Higher CPI Inflation Forces Markets To Reprice
August CPI inflation data worse than consensus expectations; markets reprice in response. Bitcoin falls more than 10% and the S&P 500 Index closes down 4.3%. Fed Funds Rate expectations climb to 4.46%
Inflation Is Not Over
Despite the overall consensus and sentiment for good inflation news this past month, the higher-than-expected U.S. August Consumer Price Index (CPI) print has derailed any short-term bullish momentum for risk assets that’s been building over the last week. As a result, equities, bitcoin and credit yields exploded with some volatility today. The S&P 500 Index closed down 4.3% with bitcoin following on a 10% plus down move. The last time this occurred for equities was June 2020.
It’s a similar event to what we saw last month for July data, but in reverse and with more magnitude. Markets cheered on a loosely confirming trend of peak inflation last month, only to have today’s data say otherwise. Now we look to the broader market for risk and rates over the next few days to confirm this new rally downtrend or some relief with the Merge expected to take place late tomorrow night.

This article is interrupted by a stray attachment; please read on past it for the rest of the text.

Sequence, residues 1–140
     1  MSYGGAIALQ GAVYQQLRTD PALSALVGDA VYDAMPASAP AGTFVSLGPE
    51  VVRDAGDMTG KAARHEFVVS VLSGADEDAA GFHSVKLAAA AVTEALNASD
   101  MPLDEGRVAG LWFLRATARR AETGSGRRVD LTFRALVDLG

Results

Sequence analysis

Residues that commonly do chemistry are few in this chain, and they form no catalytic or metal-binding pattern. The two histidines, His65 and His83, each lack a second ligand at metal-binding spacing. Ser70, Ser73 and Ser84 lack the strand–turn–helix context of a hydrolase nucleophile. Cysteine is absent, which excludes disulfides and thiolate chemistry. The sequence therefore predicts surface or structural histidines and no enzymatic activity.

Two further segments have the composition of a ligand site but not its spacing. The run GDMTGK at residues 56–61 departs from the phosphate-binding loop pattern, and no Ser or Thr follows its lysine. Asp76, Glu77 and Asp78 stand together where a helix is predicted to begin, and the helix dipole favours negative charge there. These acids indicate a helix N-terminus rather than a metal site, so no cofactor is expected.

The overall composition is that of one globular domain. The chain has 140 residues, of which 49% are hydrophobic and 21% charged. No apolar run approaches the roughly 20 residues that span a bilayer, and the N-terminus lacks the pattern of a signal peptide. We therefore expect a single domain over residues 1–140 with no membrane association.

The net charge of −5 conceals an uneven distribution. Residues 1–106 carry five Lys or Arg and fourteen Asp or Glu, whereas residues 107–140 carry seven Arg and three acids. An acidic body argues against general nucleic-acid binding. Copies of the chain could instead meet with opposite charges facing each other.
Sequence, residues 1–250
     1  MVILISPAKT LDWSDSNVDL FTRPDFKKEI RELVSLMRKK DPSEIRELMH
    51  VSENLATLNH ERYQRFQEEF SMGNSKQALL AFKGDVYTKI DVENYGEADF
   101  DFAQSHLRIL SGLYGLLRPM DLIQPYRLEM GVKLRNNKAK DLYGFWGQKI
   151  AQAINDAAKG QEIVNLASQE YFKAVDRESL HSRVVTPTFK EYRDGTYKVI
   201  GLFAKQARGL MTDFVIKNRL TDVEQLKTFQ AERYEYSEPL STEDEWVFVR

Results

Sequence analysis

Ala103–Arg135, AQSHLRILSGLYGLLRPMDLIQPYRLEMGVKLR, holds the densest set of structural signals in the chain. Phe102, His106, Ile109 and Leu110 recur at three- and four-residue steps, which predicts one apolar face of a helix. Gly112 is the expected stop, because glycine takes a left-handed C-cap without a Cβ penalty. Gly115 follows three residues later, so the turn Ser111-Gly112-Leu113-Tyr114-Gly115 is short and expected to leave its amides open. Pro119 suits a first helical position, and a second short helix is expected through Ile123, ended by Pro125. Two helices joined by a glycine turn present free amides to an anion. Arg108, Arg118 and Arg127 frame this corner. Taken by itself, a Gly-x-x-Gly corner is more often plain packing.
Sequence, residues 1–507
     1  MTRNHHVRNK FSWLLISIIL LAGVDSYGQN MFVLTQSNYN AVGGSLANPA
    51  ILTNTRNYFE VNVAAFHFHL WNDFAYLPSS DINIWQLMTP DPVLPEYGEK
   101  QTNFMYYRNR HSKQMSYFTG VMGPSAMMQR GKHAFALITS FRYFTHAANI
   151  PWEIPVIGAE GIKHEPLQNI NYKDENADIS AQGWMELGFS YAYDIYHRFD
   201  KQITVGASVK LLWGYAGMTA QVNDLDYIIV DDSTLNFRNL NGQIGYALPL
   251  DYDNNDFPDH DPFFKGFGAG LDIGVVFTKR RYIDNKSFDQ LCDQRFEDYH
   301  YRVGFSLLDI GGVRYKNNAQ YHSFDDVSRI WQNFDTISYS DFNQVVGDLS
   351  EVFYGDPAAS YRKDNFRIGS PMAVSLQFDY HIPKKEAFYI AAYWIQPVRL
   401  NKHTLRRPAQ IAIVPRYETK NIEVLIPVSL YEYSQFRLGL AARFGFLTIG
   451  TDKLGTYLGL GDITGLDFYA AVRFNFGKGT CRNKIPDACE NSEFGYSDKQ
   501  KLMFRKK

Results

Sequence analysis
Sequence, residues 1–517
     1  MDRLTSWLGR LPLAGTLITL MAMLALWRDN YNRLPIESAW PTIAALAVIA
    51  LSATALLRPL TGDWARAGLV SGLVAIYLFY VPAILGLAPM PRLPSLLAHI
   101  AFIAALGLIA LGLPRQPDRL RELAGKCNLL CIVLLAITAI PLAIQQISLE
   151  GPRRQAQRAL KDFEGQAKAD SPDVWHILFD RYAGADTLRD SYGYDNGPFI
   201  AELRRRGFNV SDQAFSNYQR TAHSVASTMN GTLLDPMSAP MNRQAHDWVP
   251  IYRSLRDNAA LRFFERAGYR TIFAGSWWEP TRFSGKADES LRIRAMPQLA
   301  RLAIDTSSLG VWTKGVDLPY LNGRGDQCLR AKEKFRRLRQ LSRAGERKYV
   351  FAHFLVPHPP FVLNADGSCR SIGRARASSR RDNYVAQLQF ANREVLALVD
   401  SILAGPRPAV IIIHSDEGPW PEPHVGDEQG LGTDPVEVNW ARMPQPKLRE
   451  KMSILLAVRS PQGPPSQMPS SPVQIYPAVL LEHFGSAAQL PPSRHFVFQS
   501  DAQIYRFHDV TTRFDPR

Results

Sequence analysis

Both headline CPI and Core CPI beat expectations that had consensus positioning for month-over-month deceleration. Instead, we got both headline CPI and Core CPI rising month-over-month to 0.12% and 0.57% respectively. In simpler terms, inflation has not been vanquished yet and there’s more work to do (or attempt to do) on the monetary policy front. The Cleveland Fed Inflation Nowcast pretty much nailed their August forecast.
Although we did see some inflation across energy commodities come down, it wasn’t enough to offset the growing inflation in the services sector. Higher and elevated wage inflation remains a key, sticky part of inflation that is yet to come down. Housing inflation is also still an issue and has yet to come down. Housing inflation and prices have typically been the last to fall into a pending deflationary and/or recessionary period. Rent inflation (aka owners' equivalent rent (OER)) is a significant component that can keep up CPI prints for longer as it’s usually a six-to-nine-month lag.
Overall, the inflation picture looks to be sticky and broadening. Based on the Federal Reserve’s statements over the last few months, it’s a clear sign to keep aggressive monetary policy via rate hikes going. More on that below.
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Source: Michael McDonough, Bloomberg
Source: Federal Reserve Bank of Atlanta Wage Growth Tracker
Source: Len Kiefer, Freddie Mac
Immediately following the release of the CPI data, equities and bitcoin began to sell and the dollar soared. The price action of the asset classes was less about the inflation itself and more about the market’s expectations for future monetary policy from the Federal Reserve.
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